So far with this devotional, I have been using The New English Bible: Oxford Study Edition (1976). It has a lot of helpful footnotes, but it didn't mention Hezekiah for those verses in Isaiah. I'm pretty sure I bought that Bible for some classes when I was in college. While that was after Hezekiah's rein, there have been (ahem) several years of opportunity for additional research and updates since then. I have other Bibles, but this one from my collection had the most extensive footnotes. I guess I'm ready for an updated upgrade.
I also have been checking in with The Message, which I love reading as a narrative, but which lacks in footnotes and references. I find its wording often clarifies dense material and makes situations seem "real," as if I am living them. So, it is wonderfully helpful in that way, but it is not a study Bible.
I want to soar on the music mentioned in this entry! It certainly does bring me joy! For years I've enjoyed hearing (and singing) "For Unto Us a Child Is Born," feeling wonderful that such glorious music accompanies such a glorious--and Biblical-- occasion. I never questioned, I just enjoyed and accepted that these verses from Isaiah applied to Jesus.
Now, I have questions. The author of the devotional is following the traditionally accepted connections with Isaiah's words and the birth of Jesus. I am the one with the questions.
Question 1--How can these verses in Isaiah's context apply to Jesus's birth? In Isaiah's time, the Israelites were being threatened by attacking armies, and Isaiah's words were supposed to bring comfort because they told of someone who was going to swoop in to save the day for the Israelites so that their country would not be destroyed. Jesus's time came 800 years later. As another responder mentioned on a previous post about Immanuel, could these verses apply to someone else in Isaiah's time . . . and maybe also to Jesus in a more symbolic way?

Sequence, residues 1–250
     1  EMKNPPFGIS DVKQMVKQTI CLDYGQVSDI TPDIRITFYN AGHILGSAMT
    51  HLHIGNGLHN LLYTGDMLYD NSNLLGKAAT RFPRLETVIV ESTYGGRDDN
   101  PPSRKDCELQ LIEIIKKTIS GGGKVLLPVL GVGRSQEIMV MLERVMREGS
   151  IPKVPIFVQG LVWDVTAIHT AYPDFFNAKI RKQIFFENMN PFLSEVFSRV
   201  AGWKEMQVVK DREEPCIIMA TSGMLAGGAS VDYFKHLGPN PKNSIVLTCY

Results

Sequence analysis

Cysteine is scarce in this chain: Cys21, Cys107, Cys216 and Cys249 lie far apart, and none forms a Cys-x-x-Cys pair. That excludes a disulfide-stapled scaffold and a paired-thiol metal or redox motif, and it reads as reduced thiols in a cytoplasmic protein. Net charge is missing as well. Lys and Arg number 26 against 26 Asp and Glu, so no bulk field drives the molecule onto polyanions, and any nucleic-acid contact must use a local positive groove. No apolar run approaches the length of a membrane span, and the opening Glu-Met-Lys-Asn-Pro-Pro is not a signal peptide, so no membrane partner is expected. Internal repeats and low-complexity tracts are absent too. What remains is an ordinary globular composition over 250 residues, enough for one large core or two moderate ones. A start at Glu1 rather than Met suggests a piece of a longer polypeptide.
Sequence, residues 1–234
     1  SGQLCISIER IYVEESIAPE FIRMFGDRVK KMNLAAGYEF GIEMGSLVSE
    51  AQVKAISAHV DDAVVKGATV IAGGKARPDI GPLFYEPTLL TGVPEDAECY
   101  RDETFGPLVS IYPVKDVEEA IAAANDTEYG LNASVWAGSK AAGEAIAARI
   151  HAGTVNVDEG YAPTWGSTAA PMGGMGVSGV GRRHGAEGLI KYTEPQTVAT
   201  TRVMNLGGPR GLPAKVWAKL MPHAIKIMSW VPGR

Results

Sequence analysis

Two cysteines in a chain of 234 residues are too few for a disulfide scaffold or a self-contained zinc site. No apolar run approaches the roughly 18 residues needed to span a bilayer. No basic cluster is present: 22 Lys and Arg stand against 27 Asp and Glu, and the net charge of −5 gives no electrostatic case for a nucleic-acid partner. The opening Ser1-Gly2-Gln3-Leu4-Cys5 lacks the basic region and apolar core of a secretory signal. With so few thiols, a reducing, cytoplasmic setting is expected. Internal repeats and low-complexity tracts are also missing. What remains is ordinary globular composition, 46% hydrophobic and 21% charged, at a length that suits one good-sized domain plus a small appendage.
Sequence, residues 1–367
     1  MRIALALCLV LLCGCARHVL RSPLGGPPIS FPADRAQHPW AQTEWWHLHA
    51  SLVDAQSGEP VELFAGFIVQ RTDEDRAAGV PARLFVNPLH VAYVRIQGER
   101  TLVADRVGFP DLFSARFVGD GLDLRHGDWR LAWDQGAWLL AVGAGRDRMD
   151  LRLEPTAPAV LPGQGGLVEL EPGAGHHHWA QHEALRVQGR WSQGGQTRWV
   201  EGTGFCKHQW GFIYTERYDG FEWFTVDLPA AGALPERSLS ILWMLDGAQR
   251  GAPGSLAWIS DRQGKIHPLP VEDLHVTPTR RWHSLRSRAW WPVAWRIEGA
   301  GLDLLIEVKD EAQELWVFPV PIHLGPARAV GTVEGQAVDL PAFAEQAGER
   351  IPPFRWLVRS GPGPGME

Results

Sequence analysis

Question 2--What's up with the verb tense in Isaiah 9:6? Both translations I am looking at use the same verb tense in reference to this child who is to save Israel and rule with justice and righteousness. Isaiah says the child "has been born." That's the present perfect tense, which indicates an action occurring in the past and CONTINUING to occur in the present. My reading of the verse in this past perfect tense tells me that the birth of this child had been occurring and was continuing to occur in the present day of Isaiah's time. The baby was there.
Questions 3+ Is there someone else in Isaiah's time who was supposed to be Immanuel, God with Us, the save-the-day hero to rule Israel justly? Do the verses in Isaiah apply to that baby AND to Jesus in a "God's Heavenly Kingdom" kind of way? If the verses apply only to Jesus, then where is the comfort for the frightened Israelites of Isaiah's time?
Question 4--I realize that Matthew, the Gospel author, wanted to bring legitimacy to the claims of Jesus being the Messiah. In Matthew 1:23, he references the verses from Isaiah 7:14 about Jesus being Immanuel as the prophets foretold. At least musically, we've added the "For unto us a child is born" verses to refer to Jesus, also. Why have I/we accepted that without needing any explanation?
Maybe my process of questioning is more important than the answers to my questions, as another responder has commented. Still, I'm getting a bit frustrated with myself. Why couldn't I simply enjoy the fulfillment of the prophecy as the devotional mentioned? Will I ever be able to listen to Handel's Messiah the same way again?
I've always thought in terms of a duality--the individual Jesus presumably born at a specific time and the universal Christ, present before, now, and still to come. I've always liked the United Church of Christ tagline that God is Still Speaking and the Quaker view that Jesus is not an historical figure as much as a living presence accessible to us today.
As a big Messiah fan, I also believe that questions help us to understand art and there will always be great joy and peace in listening to Handel's work.
@John Hope (he/him/his) I so appreciate your comments! They make me feel much better about all my . . . questions! Thank you!